NHS are urged to dramatically reduce number of mistakes

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Health Secretary Jeremy Hunt has urged the National Health Service to draw up plans to halve the number of serious mistakes being made and reduce the number of preventable deaths by a third. The Health Secretary has said that NHS Trusts should put in place plans to reduce ‘avoidable harm’ such as bed sores, errors in medication and blood clots. Mr Hunt says that the plans could save up to 6000 lives over the next three years.

The new drive, called ‘Sign up to Safety’, is mainly aimed at hospitals, but other trusts including those providing health and community services are also eligible to take part. Whilst it is hoped that the new plans will reduce the number of medical negligence cases, the sheme will be voluntary and will rely on individual Trusts being honest about the nature and number of mistakes they make. The Trusts will then be tasked with coming up with their own plans to halve the number of mistakes being made. Whilst those Trusts which do take part in the scheme will be rewarded with lower insurance premiums, there are concerns that those Trusts with the most serious problems (and arguably those making the most mistakes), will not be obliged to take part in the scheme.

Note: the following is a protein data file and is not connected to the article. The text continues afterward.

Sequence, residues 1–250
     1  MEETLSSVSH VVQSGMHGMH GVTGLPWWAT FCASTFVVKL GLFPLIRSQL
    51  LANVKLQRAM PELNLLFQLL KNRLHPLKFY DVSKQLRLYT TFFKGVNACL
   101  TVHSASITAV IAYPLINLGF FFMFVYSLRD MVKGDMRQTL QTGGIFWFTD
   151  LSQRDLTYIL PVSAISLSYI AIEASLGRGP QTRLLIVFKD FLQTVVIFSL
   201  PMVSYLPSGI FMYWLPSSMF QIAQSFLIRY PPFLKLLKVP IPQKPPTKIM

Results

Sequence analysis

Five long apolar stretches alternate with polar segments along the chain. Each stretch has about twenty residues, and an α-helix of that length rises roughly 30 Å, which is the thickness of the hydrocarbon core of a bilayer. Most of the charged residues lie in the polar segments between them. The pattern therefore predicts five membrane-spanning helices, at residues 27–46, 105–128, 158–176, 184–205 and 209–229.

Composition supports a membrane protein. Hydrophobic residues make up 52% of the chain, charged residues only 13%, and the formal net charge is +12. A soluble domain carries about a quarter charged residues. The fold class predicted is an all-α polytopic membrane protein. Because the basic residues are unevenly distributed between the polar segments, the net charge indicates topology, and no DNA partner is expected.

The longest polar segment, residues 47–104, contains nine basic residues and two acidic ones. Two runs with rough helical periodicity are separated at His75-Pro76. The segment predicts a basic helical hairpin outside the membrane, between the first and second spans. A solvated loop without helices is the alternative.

The new scheme is being accompanied by  a number of other measures designed to improve  safety within the NHS, including the introduction of a ‘duty of candour’ which will compel the NHS to be ‘open and honest’ with patients about mistakes.

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